Step 1 - Contact Field Office

  • To participate in the SHA program, landowners having a listed species or its habitat on their property are invited to contact the appropriate Ecological Services field office. 

Step 2 - Compile Property Information

  • If an SHA is feasible, the landowner and the Service work together to compile information about the land, including a map, the current management, and the management needs of the species and/or habitat. 

Step 3 - SHA Determinations

  • The landowner and the Service determine the baseline condition of the property for the species -- the number and location of individuals, a habitat assessment, or a combination of the two.  
  • The landowner and the Service identify voluntary actions that would provide a net conservation benefit for the species. They also determine the duration of the SHA, allowing enough time to achieve the desired benefit.  
  • The landowner and Service develop a draft SHA that specifies management actions that will provide a net conservation benefit to the species. The draft plan should describe the current and anticipated management of the property (farming, ranching, timber management, etc.) It should also address the monitoring needed to determine if the prescribed management actually benefits the species and/or its habitat.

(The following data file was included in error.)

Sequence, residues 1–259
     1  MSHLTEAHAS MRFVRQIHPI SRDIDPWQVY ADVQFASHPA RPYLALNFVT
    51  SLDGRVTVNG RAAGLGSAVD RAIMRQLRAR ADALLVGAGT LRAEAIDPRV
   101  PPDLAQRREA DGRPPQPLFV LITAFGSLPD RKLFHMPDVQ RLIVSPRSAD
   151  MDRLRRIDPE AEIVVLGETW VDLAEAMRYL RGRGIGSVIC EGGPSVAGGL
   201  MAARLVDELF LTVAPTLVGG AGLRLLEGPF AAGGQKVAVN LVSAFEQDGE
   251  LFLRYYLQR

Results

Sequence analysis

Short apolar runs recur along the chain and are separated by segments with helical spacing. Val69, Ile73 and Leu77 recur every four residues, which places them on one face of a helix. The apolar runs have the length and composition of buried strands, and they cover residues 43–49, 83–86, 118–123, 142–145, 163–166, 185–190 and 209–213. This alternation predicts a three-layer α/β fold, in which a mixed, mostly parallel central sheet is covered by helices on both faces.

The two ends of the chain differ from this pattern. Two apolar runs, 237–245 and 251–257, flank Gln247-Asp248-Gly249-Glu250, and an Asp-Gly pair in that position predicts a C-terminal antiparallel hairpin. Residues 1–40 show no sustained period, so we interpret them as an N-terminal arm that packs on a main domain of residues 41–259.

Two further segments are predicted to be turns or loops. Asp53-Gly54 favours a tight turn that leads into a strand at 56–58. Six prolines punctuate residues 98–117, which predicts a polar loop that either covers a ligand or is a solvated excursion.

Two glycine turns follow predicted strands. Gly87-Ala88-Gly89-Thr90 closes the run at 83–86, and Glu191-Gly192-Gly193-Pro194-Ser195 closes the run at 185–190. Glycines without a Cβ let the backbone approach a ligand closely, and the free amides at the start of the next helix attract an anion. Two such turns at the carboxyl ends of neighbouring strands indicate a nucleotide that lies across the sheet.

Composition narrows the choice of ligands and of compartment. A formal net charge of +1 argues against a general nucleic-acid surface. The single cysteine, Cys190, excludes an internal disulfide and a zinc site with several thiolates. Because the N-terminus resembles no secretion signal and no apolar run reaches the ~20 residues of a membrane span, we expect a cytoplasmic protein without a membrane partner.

• The Service identifies any anticipated incidental take of listed species that might result from the management planned under the SHA, including any “incidental take” of a listed species that could be expected if the landowner chooses to return the property to its baseline condition when the agreement ends.  

Step 4 - Submit SHA and Enhancement of Survival Permit

  • The landowner submits the completed SHA and an application for an “enhancement of survival permit” to the Service.  

Step 5 - Announcement and Public Comment Period

  • The Service then publishes an announcement in the Federal Register that it has received an application for an “enhancement of survival permit.” A 30-day public comment period follows. 
  • During the public comment period, the Service conducts internal reviews related to issuance of the requested permit.  

Step 6 - Sign Final SHA, Permit Issuance, and Conservation Actions Begin

  • Following a response to any public comments, and after incorporating any appropriate changes, the Service and the landowner approve and sign the final SHA. Assuming all criteria have been met, the Service then issues the enhancement of survival permit.  
  • The landowner begins any new conservation actions and/or continues with existing practices identified in the SHA and reports annually to the Service on the plan’s progress. 

Library Collections

Partners for Fish and Wildlife: Biologists Susan Abele and Chris Jasmine Meet with Smith Creek Ranch Manager Duane Coombs to Conduct Site Visit for Sage Grouse in central Nevada
The owners and managers of land can and do play a vital role in conserving our nation’s imperiled wildlife. Most threatened and endangered species, listing candidates, and species of concern depend at least in part on private and other nonfederal lands. The Fish and Wildlife Service offers a...